Cloud-based computing is an information technology model by which resources, software, and data are provided as an on-demand service. The best metaphor is that cloud-based computing seeks to make information technology available in the same manner that your utility company makes electricity available—with a simple wire without your having to understand the details of how it’s provided.

For Backup and Recovery, Clouds are often used for Disaster Recovery as a Service (DRaaS), and include use for the storage of the data (Cloud Storage), as a location in which to recover servers and data (Cloud Backup), and to scale (or add resources to existing servers or applications) to aid in avoidance of an outage.

Cloud Storage

Cloud storage simply refers to the use of the cloud as a replacement for some NAS (Network Attached Storage) centralized storage—some vendors advertise their cloud storage as “your file server in the cloud.” Cloud backup refers to the use of the cloud as a mechanism to protect data.


Online Backup

Pure online backup is offered by an ever-growing number of vendors. And most of these online backup vendors do a credible job of backing up a few tens of gigabytes of data. The real problem with online backup is recovery. You might not care that it takes a month or more to ship your first terabyte up through the Internet to the online backup vendor. However, most people don’t have a month to wait for that terabyte to be downloaded back from their online backup vendor when a hard drive or a complete system is lost.



The answer to rapid recovery while taking advantage of cloud-based computing is an on-premise backup appliance that can quickly serve to backup your information technology infrastructure and serve as a gateway point to a cloud-based disaster recovery service.

An on-premise appliance offers not only local backup but also offers dedicated in-flight deduplication. Once the cloud is loaded with your initial set of data this in-flight deduplication not only compresses your data but also deduplicates that data before it is sent upstream to the cloud. This is done with no impact to the clients (i.e., servers, PCs, workstations, and notebooks) that are being protected by the on-premise backup appliance. It means that once your initial set of data has been uploaded, much more data can be protected than can physically move over the WAN in any given time. Thus it is possible for hundreds of gigabytes and more to be protected and kept synchronized with the cloud each day with a relatively small amount of bandwidth.

Advantages of Cloud Solutions

The fundamental advantages of cloud-based computing are
  • Reducing costs. This advantage is primarily accomplished by eliminating capital expenditure and reducing operational expenditure. For multi-tenant public clouds, cost reduction is also possible by the pooling of information technology resources in order to be able to meet peak demand with effectively less information technology resources.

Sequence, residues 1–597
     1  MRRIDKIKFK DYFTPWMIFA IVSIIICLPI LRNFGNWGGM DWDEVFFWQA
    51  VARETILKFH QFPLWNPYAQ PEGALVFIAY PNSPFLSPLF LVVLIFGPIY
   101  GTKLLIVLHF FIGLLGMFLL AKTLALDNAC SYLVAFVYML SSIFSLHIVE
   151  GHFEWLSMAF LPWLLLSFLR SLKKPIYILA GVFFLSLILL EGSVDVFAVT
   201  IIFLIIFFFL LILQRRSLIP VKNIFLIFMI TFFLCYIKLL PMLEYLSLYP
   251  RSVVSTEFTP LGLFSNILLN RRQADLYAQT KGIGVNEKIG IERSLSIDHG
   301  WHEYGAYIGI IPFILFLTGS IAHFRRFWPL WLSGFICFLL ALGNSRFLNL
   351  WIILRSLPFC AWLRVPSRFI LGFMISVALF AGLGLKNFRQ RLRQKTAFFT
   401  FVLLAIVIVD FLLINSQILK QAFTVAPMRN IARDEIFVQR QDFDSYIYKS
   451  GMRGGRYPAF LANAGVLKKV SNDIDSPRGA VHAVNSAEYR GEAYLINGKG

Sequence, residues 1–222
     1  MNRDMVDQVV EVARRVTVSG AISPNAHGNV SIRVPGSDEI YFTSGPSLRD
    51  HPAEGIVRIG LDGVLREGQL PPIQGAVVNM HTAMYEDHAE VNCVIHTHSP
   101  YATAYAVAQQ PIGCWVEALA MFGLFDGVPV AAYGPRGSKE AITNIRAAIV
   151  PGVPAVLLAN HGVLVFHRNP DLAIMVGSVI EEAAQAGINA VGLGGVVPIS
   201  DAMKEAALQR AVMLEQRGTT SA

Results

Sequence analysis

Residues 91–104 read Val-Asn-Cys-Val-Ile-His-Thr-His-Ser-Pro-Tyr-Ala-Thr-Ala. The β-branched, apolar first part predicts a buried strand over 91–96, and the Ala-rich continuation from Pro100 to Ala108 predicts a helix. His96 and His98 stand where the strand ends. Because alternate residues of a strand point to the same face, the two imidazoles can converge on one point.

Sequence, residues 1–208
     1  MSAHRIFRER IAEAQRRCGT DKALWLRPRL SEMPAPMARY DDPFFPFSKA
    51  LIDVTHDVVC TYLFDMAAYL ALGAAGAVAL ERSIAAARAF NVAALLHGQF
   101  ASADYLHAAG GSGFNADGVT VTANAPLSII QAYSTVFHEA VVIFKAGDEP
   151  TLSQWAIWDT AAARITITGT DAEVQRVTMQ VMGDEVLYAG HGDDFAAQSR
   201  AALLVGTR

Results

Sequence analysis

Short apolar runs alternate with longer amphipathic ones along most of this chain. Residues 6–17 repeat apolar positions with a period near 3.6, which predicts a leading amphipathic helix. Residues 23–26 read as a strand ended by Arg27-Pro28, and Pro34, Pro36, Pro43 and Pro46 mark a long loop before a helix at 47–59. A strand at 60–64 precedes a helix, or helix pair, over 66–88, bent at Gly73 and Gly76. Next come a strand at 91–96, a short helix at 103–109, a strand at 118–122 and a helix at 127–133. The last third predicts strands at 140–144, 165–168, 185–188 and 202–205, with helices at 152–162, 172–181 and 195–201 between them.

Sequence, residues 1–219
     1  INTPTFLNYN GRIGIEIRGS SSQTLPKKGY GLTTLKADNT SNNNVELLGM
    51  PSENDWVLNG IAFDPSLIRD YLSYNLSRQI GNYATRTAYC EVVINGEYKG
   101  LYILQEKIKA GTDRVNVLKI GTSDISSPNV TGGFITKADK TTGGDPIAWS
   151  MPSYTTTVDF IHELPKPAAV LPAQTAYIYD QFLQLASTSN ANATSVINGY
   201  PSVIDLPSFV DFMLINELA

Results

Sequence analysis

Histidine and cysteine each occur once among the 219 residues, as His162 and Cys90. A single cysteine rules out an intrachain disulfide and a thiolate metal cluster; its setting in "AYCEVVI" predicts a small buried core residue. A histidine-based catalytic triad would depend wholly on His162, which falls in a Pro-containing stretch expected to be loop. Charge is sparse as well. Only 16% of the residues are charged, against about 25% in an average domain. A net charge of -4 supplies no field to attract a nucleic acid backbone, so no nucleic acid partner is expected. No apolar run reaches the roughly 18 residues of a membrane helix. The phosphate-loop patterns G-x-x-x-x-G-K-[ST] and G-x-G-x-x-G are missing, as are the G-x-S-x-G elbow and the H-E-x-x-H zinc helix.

• Ability to quickly scale. This advantage refers to the fact that because cloud-based computing typically has excess capacity, that this excess capacity may be provisioned quickly and in a highly responsive and nimble fashion to those users requesting it. To put this more simply, there is no wait for new hardware and/or software to be ordered and installed.
  • Well-defined service level agreements resulting from measured service. Typically cloud-based computing services are priced to some degree based on usage characteristics; thus the service level agreements associated with everything from availability to performance are more rigorously captured than alternative solutions.

Drawbacks of Cloud Solutions

Of course there are drawbacks with respect to cloud-based computing as well; these include


  • Performance and latency. WAN performance has not and will not keep pace with microprocessor, memory, disk, and LAN performance. Any cloud solution must take into account not only the gap between on- and off-premise performance, but must also address the fact that this gap will only widen over time. This issue affects both private and public clouds equally.
  • Security and privacy. Security and privacy, for both at-rest and in-flight data, must be taken into account. Different industries have different requirements so it’s important that security and privacy be addresses in a flexible manner. This issue affects primarily public clouds.
  • Reliability and availability. The information infrastructure that constitutes the cloud as well as the connection to the cloud must be both reliable and highly available. This issue affects both private and public clouds equally.
  • Manageability. Because clouds can be somewhat amorphous in nature to the end user and because users perceive a loss of control when using clouds, the manageability of the cloud is very important. In private clouds, this is typically less of an issue since the entire infrastructure can be managed by the one tenant of the cloud. In public clouds, manageability has to be a key component of the architecture since otherwise a user can end up with a lowest common denominator solution. Monitoring. Trust is the single biggest issue raised by consumers of cloud-based services. Monitoring is incredibly important as one way of helping establish trust. This is a major issue for public clouds—and has also been called out as an important issue in private clouds as well.

Does Your Cloud Have a Silver Lining?

Does Your Cloud Have a Silver Lining?

The level of hype surrounding cloud-based computing has never been higher. The purpose of this paper is to help you understand the advantages and the drawbacks of cloud-based computing—particularly as it applies to business continuity and disaster recovery.

Thank you for your interest in Does Your Cloud Have a Silver Lining?

Last Updated: 06/18/2013
Categories: White Paper Unitrends Cloud Backup DR & Business Continuity